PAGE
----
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on Botulinum Toxin
HPA Magazine 12
It is estimated that about 15% of the Portuguese population may suffer from migraines and of this percentage, about 700 thousand people suffer from severe migraine. It is therefore a highly dysfunctional disease with high economic repercussions. In fact, it is considered the 3rd most prevalent disease in the world and the 7th most disabling. Reaching an accurate diagnosis of headaches and/or migraines is crucial to the success of the treatment. This is the reason why a specialized consultation was created, to provide proper diagnosis and new methods of treatment.
Headache is a pain or discomfort in the region of the head including the face. Migraine is a specific type of headache. Headaches vary greatly in their different characteristics; location, type of pain, intensity, frequency, duration and associated symptoms. As a result of this variability, according to the International Headache Society, different categories and classifications of headaches have arisen, accounting for more than 300 different types of headaches.
According to the World Health Organization 2016, about half to ¾ of the world's population, aged between 18 and 65, suffered at least once from a headaches in the last year and about 30% of these were migraines. It is estimated that about 15% of the Portuguese population may suffer from migraines and about 700,000 from severe migraine, of which half will have missed work an average of 3.8 days per year as a consequence of this pathology. It is a highly dysfunctional disease with economic repercussions – 18 to 27 billion euros is the estimated cost of the disease in Europe and in the United States it is approximately 20 billion dollars. It is the 3rd most prevalent disease and the 7th most disabling in the world (Global Burden of Disease Survey 2010).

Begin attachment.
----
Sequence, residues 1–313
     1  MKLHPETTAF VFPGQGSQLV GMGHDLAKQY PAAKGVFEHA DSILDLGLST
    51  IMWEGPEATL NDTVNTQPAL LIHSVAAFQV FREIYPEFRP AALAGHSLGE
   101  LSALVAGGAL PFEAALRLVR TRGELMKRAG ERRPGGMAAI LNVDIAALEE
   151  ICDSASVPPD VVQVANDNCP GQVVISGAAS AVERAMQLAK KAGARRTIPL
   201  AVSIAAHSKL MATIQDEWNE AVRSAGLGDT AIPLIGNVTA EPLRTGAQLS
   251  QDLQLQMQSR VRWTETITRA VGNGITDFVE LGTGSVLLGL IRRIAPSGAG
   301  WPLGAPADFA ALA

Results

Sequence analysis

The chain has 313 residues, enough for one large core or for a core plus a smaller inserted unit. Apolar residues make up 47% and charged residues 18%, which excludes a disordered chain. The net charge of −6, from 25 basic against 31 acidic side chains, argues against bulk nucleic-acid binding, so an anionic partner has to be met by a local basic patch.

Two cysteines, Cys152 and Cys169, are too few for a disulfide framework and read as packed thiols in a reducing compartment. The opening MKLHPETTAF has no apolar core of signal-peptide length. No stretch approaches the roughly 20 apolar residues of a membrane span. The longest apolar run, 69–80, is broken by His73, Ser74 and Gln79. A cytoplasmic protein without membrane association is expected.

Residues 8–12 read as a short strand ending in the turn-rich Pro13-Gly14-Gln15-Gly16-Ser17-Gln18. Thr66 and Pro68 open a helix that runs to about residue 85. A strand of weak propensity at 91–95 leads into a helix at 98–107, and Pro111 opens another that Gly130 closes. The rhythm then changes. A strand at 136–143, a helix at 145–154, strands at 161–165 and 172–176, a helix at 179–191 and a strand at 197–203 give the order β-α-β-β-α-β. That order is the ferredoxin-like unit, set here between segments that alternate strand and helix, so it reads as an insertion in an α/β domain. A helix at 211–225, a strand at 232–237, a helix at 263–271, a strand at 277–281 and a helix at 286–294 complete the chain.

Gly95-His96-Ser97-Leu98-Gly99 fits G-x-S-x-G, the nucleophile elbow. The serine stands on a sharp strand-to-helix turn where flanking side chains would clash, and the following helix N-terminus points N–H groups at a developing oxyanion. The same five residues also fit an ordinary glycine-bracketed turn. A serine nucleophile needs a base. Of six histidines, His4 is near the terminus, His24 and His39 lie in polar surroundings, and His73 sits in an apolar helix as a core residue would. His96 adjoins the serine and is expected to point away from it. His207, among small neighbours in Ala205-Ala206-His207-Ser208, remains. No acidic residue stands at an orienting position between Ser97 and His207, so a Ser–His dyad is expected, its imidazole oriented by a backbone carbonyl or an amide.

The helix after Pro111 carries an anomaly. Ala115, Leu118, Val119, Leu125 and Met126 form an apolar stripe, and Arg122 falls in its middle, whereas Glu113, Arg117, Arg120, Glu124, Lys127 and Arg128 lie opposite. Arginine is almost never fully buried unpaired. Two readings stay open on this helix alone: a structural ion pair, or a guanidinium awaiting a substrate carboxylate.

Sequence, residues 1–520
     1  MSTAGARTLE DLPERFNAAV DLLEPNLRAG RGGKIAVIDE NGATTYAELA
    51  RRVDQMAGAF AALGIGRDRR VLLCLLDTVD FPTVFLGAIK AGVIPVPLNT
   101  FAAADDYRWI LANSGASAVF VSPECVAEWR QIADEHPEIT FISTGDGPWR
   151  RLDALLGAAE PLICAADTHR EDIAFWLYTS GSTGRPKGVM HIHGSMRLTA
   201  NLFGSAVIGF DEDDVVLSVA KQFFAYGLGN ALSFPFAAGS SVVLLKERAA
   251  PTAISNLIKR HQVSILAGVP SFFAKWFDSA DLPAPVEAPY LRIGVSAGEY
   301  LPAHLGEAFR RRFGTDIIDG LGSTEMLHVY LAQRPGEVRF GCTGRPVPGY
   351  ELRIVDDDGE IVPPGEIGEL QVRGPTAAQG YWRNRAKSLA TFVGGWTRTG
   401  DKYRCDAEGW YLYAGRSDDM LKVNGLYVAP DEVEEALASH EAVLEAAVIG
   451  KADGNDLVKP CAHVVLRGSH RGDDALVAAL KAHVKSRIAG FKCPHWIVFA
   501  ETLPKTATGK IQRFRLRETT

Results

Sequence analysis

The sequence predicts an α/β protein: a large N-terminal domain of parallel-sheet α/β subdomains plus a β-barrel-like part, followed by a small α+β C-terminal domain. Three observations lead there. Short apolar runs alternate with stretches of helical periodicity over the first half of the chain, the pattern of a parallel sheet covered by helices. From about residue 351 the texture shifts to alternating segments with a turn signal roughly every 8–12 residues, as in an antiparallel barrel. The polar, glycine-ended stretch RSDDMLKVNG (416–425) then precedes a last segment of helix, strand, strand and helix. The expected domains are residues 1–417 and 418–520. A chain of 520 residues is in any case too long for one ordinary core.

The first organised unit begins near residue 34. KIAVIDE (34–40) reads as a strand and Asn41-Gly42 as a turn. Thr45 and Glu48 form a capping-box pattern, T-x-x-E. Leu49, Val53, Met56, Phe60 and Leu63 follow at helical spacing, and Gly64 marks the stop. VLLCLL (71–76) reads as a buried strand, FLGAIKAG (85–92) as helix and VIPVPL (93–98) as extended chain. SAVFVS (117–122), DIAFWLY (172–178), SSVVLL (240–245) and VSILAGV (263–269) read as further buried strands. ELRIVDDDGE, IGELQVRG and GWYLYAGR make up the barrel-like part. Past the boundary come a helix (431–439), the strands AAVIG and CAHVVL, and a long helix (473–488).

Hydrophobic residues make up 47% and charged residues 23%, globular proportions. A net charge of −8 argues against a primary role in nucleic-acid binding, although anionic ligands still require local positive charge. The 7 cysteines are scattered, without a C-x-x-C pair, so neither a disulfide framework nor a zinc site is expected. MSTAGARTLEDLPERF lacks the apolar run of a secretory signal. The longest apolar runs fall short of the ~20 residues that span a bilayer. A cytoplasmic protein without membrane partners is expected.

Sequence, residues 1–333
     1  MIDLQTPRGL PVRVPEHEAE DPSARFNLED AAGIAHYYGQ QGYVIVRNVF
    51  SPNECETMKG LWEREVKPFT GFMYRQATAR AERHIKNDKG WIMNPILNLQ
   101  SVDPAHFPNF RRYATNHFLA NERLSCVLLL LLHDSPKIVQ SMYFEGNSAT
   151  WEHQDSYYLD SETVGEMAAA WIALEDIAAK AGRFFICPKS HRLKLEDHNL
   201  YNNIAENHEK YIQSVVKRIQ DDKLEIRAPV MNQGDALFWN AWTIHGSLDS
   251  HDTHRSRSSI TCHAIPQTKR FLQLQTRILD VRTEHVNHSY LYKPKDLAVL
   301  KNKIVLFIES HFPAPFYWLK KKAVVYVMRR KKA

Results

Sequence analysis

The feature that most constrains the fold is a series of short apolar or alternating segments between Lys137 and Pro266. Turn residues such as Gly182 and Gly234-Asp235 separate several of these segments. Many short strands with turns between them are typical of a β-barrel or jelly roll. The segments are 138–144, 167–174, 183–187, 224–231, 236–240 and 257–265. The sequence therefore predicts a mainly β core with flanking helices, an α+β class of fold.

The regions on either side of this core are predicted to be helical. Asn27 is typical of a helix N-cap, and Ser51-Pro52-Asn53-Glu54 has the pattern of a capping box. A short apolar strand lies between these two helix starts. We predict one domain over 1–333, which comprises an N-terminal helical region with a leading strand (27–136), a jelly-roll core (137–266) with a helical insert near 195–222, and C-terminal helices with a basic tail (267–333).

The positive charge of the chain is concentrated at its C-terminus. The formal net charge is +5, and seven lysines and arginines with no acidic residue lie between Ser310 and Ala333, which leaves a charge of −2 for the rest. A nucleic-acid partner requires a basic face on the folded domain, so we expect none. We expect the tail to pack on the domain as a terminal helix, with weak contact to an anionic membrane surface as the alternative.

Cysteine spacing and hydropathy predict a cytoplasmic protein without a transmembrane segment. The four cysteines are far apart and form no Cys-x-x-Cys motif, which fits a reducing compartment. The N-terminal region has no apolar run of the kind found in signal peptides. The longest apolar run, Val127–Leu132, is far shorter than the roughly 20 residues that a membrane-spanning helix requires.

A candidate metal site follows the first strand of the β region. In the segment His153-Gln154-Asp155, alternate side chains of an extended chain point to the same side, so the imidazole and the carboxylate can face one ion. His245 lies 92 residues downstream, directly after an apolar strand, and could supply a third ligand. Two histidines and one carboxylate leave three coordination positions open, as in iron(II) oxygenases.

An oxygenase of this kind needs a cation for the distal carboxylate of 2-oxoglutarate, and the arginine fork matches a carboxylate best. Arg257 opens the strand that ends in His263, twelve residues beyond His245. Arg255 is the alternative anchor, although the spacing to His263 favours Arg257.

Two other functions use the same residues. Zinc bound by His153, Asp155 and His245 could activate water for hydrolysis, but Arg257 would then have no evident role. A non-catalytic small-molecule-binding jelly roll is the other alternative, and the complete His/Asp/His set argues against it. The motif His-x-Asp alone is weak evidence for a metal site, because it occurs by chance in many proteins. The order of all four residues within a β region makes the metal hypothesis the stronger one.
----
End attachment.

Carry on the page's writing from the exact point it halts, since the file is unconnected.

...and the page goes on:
It is important to mention that frequently patients may have more than one type of associated headache, so it is not infrequently for the same patient to suffer from migraines and also from tension type headache, for example.
There are several structures in the head – nerves, muscles and blood vessels – that can cause pain during a headache; but the cerebral parenchyma itself does not hurt.
When a headache results from a structural alteration or occurs following a medical pathology, such a headache is said to be secondary, for example, headaches due to a head injury or sinusitis. Other examples of secondary causes are headaches associated with infections, High Blood Pressure (systolic BP> 160 mmHg and/or diastolic> 120 mmHg), giant cell arthritis, sleep apnea, and excessive symptomatic medication for headache (more than 10 to 15 days per month, depending on the medication), for more than 3 months.
The remaining headaches, where the cause is unknown, are called primary headaches and account for the vast majority, about 90% of all headaches. Tension headaches and migraines are the two most prevalent primary headaches.
These are the most common headaches. Stress and muscle tension are two factors that contribute to this type of headache. Although symptom may be varied, the following aspects are common to them all: